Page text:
In the span of 7 films, the Fast and the Furious franchise grew from a fast-paced B-action film to a full-blown, star-studded blockbuster franchise — and if Fast 8 is any indication, this series doesn’t plan on slowing down.
But from the absence of series favorite Paul Walker to an overcrowded cast of action stars, how did The Fate Of The Furious fare with the backseat drivers of cinema, the critics?
Not so bad, it seems — as the film currently has a 79% rating on Rotten Tomatoes. Because nearly every early viewer knew the mindless action they were getting into, and praised the film for raising the bar with even more over the top stunts and explosions! (Dom racing a heat seeking missile? Sure, why not!)
Of course, those who actually paid attention to the story had a laundry list of complaints including: logic-defying action plots, a disjointed narrative, and unfathomable character decisions to make old enemies part of the gang.
Still, critics couldn’t help but love Vin Diesel‘s grunty dialogue and testosterone-fueled one-upmanship between Dwayne “The Rock” Johnson and Jason Statham — not to mention series newcomers Charlize Theron and Helen Mirren adding some much needed femme fatalism!
See the critical Fate of the Furious (below)!
John DeFore, The Hollywood Reporter: “With due respect to [Walker], who is clearly missed by his colleagues in real life, it isn’t as if the Furious franchise is hurting for dramatis personae: When Dwayne Johnson came aboard in the fifth film, things started to feel crowded. Then came Jason Statham, then Kurt Russell, and now we have a villain played by Gray’s Italian Job star Charlize Theron. Somebody get Bruce Willis on the horn, and we’ll have ourselves a proper movie for Episode 9.”
Owen Gleiberman, Variety: “If this series, over the last 16 years, has taught us anything, it’s that just when you think it’s about to run out of gas, it gets outfitted with an even more elaborate fuel-injection system. And that’s never been more true than it is of the eighth film in the series The Fate of the Furious which may just be the most spectacular one yet.”
Dan Callahan, TheWrap: “The plot twists in The Fate of the Furious suggest the kind of games that 11-year-old boys put together on the playground during recess, with women in peril and so many different parts for everyone to play that you begin to lose track of who everybody is and who they are supposed to be to each other. When this gets to be too much, of course, another car will soon be sailing through the air to distract us.”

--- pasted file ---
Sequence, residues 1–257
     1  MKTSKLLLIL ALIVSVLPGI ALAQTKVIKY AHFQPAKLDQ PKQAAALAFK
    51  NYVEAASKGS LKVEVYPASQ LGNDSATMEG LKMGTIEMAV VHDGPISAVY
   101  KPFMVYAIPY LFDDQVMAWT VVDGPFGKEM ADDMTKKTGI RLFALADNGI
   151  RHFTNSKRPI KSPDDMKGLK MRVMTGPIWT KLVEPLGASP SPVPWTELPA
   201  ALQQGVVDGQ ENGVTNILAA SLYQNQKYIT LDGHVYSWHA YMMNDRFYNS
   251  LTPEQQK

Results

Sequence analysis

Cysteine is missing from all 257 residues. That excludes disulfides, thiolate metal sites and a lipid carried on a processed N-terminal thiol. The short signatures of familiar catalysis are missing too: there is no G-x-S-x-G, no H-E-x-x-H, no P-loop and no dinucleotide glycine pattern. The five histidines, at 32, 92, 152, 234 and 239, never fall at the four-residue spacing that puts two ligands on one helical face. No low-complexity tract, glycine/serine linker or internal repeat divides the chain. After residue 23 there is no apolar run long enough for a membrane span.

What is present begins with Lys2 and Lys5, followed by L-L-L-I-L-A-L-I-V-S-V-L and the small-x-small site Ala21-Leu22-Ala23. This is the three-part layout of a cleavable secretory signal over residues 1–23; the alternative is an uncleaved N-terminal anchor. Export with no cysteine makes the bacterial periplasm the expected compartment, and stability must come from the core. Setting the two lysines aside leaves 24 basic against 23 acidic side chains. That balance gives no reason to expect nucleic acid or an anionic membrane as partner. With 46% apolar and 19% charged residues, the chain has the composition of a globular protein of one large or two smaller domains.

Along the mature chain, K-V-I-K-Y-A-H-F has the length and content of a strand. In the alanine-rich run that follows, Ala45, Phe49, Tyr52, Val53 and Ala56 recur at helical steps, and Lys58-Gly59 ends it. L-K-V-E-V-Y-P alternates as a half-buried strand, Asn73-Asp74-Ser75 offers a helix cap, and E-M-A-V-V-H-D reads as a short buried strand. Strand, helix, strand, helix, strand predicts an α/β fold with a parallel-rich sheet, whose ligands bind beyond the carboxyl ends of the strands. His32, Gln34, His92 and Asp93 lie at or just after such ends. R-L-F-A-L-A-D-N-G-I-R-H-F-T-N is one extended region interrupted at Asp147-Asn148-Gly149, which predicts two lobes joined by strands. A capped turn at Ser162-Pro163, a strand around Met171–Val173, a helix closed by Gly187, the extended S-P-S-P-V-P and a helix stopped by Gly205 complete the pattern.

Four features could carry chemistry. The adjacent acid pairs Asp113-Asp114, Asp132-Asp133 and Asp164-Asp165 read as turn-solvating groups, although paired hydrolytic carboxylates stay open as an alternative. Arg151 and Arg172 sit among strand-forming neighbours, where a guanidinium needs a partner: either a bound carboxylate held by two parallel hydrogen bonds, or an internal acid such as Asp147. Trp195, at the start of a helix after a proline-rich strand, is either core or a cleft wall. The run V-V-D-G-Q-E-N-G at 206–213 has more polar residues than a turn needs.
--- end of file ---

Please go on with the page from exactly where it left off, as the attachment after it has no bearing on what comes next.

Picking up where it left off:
Leah Greenblatt, Entertainment Weekly: “Thankfully, it’s frequently also much funnier and lighter on its feet than previous outings, and a lot of that credit goes to Statham and Johnson, whose love-hate bromance feels like the real core of the movie: Statham revels in his Cockney-you-wish-you’d-never-messed-with shtick, and Johnson is, as always, the human Humvee with a heart of gold.”
David Ehrlich, IndieWire: “It’s telling that Diesel and Dwayne Johnson virtually never appear onscreen together, because at no point does it feel like Gray’s sprawling cast of characters is all in the same film… Whereas the previous movies were galvanized by a very real sense of camaraderie, The Fate of the Furious is more disjointed than a ten-car pileup, and just about as much fun. This family has officially become dysfunctional.”
Mike Ryan, Uproxx: “I love that no matter what ridiculous thing this team has to do, it’s still “car” based. Like, other modes of transportation might be better, but these people still use their cars because that’s what they do. There’s a scene in The Fate of the Furious in which the team is racing across a frozen lake, and of course Roman Pearce (Tyrese Gibson) is driving a Lamborghini. This is what they do: They drive fast cars no matter what the situation is.”
Gregory Wakeman, CinemaBlend: “The Fate Of The Furious doesn’t quite reach the heights of previous installments, but it is still an exhilarating joy ride, and proof that the franchise continues to be the most thrilling and astounding in cinema.”
Jim Vejvoda, IGN: “The real standout among the cast is the series’ new adversary. Charlize Theron brings the proper degree of icy cruelty to Cipher, who is essentially a Bond villain. She operates out of a jet, has a seemingly endless supply of henchmen, and harbors plans for global domination.”
Tom Huddleston, Time Out: “Overall, there’s a sense that Fast and Furious 8 knows exactly where it wants to go and won’t bust a gasket getting there: you might ask for a little more character work here, a few more plot surprises there, but on the whole this rattles along just fine.”
[Image via Universal Pictures.]